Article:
findings that the superior court was not relying on the
continuity factor to the exclusion of the other statutory
factors. Instead, it found that Morgan's interests would be
equally served by placement with either of the parents and
therefore that the single factor which weighed heavily for Tom
rather than Virginia should dictate the outcome.9 Such reasoning
is permissible.10 We now address the superior court's application
of the specific statutory criteria.
Alaska Statute 25.24.150(c)(5) requires that in making
custody determinations the court must consider "the length of
time the child has lived in a stable, satisfactory environment
and the desirability of maintaining continuity." With respect to
the continuity factor, the superior court stated:
The length of time Morgan has lived in a
stable, satisfactory environment, and the
desirability of maintaining continuity is the
most important statutory factor from the
court's perspective. This factor weighs
heavily in favor of primary physical custody
being with Tom Rooney. There is no need to
risk moving Morgan from Wrangell, where he is
thriving, when the court does not have to.
Virginia argues that the superior court's finding with
regard to continuity was clearly erroneous because the court
considered only "continuity of place," while disregarding
"continuity of family." She contends that the stability which
Morgan experienced in Wrangell was due to her "presence and
protection." She notes that throughout the time which they were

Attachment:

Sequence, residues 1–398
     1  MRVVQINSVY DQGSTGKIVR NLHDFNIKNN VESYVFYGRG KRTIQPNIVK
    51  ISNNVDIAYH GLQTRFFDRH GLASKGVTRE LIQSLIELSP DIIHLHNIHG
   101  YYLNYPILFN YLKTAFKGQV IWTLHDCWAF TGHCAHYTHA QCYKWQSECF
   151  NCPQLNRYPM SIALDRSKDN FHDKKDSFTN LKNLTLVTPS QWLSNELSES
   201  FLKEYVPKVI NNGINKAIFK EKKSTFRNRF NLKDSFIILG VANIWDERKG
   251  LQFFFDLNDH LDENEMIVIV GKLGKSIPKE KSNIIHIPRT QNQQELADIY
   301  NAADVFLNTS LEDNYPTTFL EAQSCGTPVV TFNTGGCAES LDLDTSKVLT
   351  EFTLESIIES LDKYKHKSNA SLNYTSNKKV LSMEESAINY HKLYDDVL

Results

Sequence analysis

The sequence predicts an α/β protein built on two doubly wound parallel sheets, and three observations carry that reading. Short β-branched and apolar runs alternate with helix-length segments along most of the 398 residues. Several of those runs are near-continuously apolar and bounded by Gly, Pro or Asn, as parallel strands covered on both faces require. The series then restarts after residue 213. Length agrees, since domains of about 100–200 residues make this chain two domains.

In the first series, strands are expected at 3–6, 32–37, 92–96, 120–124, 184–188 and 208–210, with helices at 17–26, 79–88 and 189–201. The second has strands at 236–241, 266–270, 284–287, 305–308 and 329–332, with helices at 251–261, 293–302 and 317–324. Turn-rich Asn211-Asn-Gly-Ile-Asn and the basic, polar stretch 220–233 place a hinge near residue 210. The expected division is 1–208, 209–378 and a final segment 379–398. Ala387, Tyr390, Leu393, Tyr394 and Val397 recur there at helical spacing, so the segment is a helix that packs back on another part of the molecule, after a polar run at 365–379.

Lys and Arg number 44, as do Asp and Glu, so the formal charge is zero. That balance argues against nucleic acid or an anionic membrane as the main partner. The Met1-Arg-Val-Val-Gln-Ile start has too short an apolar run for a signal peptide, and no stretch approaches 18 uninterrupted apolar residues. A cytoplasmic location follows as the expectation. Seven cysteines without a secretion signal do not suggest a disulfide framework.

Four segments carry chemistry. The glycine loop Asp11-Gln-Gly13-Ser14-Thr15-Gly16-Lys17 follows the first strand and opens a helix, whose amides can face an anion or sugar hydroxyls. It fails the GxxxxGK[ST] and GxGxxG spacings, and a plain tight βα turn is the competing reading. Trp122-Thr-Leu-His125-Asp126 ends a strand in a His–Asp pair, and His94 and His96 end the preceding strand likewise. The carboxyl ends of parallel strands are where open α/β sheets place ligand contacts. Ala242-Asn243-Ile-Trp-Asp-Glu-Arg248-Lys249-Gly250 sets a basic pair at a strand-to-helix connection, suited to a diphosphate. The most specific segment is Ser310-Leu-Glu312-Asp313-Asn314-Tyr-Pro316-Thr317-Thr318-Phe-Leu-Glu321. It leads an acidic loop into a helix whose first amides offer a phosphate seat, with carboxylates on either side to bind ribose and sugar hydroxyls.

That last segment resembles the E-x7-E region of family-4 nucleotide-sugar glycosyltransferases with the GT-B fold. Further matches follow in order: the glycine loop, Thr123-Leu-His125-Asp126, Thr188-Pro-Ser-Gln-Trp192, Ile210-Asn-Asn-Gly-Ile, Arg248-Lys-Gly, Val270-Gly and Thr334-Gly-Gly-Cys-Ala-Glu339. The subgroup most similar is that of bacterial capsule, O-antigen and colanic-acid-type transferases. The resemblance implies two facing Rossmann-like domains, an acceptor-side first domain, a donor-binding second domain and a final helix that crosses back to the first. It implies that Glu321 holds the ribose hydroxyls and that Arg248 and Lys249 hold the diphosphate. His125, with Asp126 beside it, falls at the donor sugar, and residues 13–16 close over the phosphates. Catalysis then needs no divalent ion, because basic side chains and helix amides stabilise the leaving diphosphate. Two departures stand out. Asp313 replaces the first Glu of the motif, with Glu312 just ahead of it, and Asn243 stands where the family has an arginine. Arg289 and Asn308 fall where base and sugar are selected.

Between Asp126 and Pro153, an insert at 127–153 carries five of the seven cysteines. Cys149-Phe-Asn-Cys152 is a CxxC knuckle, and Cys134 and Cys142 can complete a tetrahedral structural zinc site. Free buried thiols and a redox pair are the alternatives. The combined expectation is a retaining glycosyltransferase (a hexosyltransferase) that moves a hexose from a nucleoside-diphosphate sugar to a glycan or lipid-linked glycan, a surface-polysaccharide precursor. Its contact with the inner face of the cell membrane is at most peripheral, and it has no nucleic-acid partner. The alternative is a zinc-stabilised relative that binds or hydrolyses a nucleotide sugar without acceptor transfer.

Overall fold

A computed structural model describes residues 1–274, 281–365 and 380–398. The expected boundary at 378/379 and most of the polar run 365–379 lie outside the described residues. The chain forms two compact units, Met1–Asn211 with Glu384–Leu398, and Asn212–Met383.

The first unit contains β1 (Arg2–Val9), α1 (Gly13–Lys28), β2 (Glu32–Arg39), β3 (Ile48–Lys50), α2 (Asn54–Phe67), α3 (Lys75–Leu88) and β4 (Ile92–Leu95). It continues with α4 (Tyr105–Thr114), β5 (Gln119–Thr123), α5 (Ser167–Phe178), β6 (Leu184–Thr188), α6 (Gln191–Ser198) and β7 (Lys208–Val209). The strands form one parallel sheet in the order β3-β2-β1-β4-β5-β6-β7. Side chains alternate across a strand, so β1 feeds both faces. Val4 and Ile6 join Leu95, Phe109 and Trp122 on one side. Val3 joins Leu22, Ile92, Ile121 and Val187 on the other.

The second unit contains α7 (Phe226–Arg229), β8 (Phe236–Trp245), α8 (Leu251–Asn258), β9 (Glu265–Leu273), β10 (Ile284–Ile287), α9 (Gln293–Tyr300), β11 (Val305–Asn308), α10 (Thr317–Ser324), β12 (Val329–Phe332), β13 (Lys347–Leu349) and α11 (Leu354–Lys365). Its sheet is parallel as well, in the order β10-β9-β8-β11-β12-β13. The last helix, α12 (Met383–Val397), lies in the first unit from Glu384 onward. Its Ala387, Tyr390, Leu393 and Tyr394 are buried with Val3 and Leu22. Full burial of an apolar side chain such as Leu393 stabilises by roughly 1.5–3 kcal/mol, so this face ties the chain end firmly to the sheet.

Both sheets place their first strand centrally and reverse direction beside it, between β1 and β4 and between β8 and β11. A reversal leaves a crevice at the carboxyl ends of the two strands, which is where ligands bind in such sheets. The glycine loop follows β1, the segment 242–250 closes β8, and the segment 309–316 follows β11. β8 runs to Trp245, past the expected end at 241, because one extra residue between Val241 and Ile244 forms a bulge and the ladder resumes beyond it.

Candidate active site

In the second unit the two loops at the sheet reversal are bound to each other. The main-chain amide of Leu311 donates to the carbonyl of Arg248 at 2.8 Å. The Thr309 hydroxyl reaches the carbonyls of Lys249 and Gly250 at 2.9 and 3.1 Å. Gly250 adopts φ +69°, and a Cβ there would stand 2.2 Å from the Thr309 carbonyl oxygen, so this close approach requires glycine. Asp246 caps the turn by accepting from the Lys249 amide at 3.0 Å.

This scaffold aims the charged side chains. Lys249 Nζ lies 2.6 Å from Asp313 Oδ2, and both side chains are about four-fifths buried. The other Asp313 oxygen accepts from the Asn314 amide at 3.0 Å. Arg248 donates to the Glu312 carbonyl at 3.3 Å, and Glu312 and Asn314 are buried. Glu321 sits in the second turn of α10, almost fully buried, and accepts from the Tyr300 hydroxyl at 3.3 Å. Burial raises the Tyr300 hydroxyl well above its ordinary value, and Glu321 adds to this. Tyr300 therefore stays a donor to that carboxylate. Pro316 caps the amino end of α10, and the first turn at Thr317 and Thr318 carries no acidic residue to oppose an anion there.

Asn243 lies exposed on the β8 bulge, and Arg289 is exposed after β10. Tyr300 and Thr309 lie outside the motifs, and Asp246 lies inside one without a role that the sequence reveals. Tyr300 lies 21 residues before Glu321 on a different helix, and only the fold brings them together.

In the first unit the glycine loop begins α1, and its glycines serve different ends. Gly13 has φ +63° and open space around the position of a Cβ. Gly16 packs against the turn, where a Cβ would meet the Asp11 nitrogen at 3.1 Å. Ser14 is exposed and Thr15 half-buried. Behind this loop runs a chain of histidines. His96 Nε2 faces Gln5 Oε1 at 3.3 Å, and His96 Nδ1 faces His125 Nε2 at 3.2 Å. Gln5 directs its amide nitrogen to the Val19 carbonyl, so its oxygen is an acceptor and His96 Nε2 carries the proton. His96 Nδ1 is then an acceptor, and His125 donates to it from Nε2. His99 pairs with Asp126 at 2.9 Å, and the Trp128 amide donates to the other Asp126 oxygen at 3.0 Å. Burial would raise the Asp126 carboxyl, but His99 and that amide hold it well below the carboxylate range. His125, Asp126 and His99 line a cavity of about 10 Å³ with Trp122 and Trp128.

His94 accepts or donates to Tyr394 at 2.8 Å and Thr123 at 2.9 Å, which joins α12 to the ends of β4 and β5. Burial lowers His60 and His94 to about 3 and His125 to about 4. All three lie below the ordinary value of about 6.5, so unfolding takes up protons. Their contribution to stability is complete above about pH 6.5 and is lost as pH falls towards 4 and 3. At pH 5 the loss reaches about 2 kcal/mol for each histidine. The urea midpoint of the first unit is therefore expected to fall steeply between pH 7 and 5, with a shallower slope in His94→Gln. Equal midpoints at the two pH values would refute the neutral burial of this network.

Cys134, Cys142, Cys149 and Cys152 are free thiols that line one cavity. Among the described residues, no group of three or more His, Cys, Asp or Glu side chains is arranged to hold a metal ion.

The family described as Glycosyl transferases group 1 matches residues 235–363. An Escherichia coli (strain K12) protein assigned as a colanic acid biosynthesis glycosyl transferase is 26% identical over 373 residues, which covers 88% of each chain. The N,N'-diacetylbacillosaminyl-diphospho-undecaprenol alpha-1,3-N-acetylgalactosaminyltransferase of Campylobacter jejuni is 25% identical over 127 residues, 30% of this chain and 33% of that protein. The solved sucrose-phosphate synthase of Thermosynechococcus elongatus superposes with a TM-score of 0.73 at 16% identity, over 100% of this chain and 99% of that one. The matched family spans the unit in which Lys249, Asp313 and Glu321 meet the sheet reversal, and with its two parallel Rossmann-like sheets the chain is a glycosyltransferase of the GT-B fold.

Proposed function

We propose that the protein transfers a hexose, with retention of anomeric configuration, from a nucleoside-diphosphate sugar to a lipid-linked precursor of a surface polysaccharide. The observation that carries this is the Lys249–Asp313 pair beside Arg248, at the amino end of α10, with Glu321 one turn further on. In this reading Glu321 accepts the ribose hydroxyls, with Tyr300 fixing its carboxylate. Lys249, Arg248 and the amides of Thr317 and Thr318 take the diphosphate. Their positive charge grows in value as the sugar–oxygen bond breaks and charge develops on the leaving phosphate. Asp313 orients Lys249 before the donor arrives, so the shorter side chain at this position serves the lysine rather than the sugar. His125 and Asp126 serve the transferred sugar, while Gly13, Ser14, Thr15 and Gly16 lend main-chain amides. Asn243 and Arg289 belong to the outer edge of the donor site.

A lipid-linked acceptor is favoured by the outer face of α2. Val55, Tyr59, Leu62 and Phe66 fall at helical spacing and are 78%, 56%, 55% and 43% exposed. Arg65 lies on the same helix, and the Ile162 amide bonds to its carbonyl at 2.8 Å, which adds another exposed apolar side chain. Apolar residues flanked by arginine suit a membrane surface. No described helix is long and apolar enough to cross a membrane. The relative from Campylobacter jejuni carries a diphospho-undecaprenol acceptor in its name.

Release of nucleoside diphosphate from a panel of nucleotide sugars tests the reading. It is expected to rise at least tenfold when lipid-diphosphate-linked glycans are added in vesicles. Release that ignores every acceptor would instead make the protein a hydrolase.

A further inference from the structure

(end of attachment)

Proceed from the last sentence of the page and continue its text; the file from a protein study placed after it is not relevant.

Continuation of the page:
together, Tom's job kept him away from home for long periods of
time. "Thomas Sr. testified that it wasn't until December of
1992 that he came home to take care of Morgan according to the
terms of the custody agreement. From 1987 until this time,
Virginia was the primary custodian to the minor children, with
the assistance of Thomas Sr.'s mother." Virginia also points out
that the superior court noted that Morgan was having problems
merging with his step-mother and her children in Wrangell, and
contrasts that to the consistent care which Morgan has received
The superior court does seem to have treated the
concept of continuity somewhat narrowly.11 Continuity and
stability for a child come not only from staying in the same
house, or going to the same school. Consideration should also be
given to social and emotional factors such as who the primary
care-giver was for the child and whether the child would be
separated from siblings or family members if he was placed with
one parent rather than another.
On the basis of our study of the record, however, we
cannot say that the superior court abused its discretion. First,
according to Virginia, Tom's mother assisted her in raising
Morgan. Thus, the presence of both Tom's mother and Morgan's
brother in Wrangell suggests that at least two important people
in Morgan's past support network will remain with him in
Wrangell. Additionally, Morgan is not being thrust into a new
custody situation by being placed with Tom. From some time in
1992 to September 1993, when the motion to modify was filed,
Morgan lived four days a week with Tom. Third, the superior
court addressed many of the psychological aspects of Morgan's